Definitions for: Jargon

[n] specialized technical terminology characteristic of a particular subject
[n] a characteristic language of a particular group (as among thieves); "they don't speak our lingo"
[n] a colorless (or pale yellow or smoky) variety of zircon

Webster (1913) Definition: Jar"gon, n. [F. jargon, OF. also gargon, perh. akin to
E. garrulous, or gargle.]
Confused, unintelligible language; gibberish; hence, an
artificial idiom or dialect; cant language; slang. ``A
barbarous jargon.'' --Macaulay. ``All jargon of the
schools.'' --Prior.

The jargon which serves the traffickers. --Johnson.

Jar"gon (j[aum]r"g[o^]n), v. i. [imp. & p. p.
Jargoned (-g[o^]nd); p. pr. & vb. n. Jargoning.]
To utter jargon; to emit confused or unintelligible sounds;
to talk unintelligibly, or in a harsh and noisy manner.

The noisy jay, Jargoning like a foreigner at his food.

Jar"gon, n. [E. jargon, It. jiargone; perh. fr. Pers.
zarg?n gold-colored, fr. zar gold. Cf. Zircon.] (Min.)
A variety of zircon. See Zircon.

Synonyms: argot, cant, jargoon, lingo, patois, slang, vernacular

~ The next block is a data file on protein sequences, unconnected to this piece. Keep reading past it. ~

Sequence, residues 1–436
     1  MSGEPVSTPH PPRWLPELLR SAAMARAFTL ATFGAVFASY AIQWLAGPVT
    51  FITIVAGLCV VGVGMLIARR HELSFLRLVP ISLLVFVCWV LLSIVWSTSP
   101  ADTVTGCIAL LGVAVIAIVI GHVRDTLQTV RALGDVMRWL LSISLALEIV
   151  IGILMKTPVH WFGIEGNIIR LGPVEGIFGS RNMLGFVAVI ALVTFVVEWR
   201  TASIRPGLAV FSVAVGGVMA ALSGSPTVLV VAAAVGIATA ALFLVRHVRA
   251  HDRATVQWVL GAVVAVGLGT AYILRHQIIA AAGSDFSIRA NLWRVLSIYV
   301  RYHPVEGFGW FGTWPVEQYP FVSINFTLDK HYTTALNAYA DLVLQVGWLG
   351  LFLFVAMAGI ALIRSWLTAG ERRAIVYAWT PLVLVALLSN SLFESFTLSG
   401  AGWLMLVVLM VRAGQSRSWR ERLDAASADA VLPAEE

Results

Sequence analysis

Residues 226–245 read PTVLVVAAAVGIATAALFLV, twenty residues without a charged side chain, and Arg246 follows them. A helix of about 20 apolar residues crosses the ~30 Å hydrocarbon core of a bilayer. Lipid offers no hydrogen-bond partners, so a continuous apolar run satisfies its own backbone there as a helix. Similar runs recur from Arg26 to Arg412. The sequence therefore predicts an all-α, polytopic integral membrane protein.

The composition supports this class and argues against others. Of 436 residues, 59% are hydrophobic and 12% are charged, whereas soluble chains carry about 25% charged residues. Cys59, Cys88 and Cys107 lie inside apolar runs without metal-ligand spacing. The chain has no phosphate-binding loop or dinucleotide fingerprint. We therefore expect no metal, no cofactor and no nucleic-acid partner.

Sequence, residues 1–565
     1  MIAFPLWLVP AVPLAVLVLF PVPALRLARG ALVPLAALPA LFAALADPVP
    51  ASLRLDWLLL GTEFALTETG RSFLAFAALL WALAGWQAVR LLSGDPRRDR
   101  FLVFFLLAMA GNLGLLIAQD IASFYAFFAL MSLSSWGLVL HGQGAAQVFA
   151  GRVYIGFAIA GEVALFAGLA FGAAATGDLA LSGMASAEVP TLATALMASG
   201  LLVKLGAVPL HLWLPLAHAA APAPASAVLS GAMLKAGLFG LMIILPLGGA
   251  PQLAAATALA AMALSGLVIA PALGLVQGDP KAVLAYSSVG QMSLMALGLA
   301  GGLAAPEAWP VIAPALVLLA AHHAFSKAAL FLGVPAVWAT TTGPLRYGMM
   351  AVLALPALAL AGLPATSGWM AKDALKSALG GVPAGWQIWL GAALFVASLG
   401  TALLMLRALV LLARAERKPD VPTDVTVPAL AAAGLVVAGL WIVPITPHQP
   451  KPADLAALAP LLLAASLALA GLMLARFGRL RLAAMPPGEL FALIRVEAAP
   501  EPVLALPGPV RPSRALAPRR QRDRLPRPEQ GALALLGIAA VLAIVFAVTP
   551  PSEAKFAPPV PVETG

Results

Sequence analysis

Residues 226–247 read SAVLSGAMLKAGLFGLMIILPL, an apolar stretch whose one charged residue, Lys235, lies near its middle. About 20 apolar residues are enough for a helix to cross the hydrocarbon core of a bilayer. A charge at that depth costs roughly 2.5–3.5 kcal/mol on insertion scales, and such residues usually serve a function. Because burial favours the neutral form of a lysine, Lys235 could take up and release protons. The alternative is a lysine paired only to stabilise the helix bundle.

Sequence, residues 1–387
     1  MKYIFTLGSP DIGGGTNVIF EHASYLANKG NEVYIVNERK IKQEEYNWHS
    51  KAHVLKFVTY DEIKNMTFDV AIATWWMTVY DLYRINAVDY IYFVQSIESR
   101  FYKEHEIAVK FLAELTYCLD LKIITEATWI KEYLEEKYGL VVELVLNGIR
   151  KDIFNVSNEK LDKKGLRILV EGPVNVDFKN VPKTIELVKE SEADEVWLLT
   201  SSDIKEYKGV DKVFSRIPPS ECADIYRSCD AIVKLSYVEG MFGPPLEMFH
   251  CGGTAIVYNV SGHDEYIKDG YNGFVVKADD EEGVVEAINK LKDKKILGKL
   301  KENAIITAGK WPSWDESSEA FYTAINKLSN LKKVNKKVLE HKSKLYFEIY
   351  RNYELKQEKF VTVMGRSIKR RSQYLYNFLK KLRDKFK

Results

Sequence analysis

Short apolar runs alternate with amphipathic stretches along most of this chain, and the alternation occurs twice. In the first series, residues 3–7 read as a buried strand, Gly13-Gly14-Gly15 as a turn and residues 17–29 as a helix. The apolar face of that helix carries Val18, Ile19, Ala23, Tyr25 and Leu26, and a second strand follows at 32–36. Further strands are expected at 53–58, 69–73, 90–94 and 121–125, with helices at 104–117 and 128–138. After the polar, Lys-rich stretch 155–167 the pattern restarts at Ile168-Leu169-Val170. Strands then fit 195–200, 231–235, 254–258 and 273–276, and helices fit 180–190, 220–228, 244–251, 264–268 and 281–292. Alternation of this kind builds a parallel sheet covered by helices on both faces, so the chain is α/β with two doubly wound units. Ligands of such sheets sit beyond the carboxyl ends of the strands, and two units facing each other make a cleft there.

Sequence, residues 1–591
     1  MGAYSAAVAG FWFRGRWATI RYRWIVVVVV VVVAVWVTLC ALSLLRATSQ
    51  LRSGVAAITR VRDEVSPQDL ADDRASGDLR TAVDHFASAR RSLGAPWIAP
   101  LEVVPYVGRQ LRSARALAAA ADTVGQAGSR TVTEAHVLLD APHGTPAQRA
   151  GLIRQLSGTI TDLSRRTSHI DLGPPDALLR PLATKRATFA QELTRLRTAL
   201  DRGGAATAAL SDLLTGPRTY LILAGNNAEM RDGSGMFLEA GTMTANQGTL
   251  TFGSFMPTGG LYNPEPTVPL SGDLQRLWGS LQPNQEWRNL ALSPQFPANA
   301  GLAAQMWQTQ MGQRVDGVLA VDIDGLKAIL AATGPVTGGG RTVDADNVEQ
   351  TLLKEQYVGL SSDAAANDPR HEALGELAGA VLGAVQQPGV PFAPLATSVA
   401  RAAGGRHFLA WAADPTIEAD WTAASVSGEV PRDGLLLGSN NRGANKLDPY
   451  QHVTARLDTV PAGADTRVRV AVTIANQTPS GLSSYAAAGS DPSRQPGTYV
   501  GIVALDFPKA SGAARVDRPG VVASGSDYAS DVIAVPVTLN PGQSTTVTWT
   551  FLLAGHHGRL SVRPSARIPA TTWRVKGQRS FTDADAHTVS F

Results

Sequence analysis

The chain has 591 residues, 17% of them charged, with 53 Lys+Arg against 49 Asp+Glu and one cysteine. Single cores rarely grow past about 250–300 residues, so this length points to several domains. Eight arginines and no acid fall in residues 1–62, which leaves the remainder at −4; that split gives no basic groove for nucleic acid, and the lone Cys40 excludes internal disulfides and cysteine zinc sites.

See Also: ecobabble, Eurobabble, expressive style, gobbledygook, non-standard speech, psychobabble, rhyming slang, style, technobabble, zircon, zirconium silicate

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Famous Quotes Containing Jargon:

Yet Aristotle's excellence of substance, so far from being associated with the grand style, is associated with something that at times comes perilously near jargon.

-- Irving Babbitt (American Critic)

Our business is infested with idiots who try to impress by using pretentious jargon.

-- David Ogilvy (English Businessman)

Incomprehensible jargon is the hallmark of a profession.

-- Kingman Brewster, Jr. (American Educator)

Aim for brevity while avoiding jargon.

-- Edsger Dijkstra (Dutch Scientist)

I prefer the honest jargon of reality to the outright lies of books.

-- Jean Rostand (French Scientist)

The jargon of sculptors is beyond me. I do not know precisely why I admire a green granite female, apparently pregnant monster with one eye going around a square corner.

-- Ezra Pound (American Poet)

I dislike literary jargon and never use it. Criticism has only one function and that is to help readers read and understand literature. It is not a science, it is an aid to art.

-- Anne Stevenson (American Poet)

You must learn to talk clearly. The jargon of scientific terminology which rolls off your tongues is mental garbage.

-- Martin H. Fischer ( -)

Ours is the age of substitutes: instead of language, we have jargon: instead of principles, slogans: and, instead of genuine ideas, bright ideas.

-- Eric Bentley (English Critic)

I think we invent jargon because it saves times talking to one-another.

-- John M. Smith ( -)

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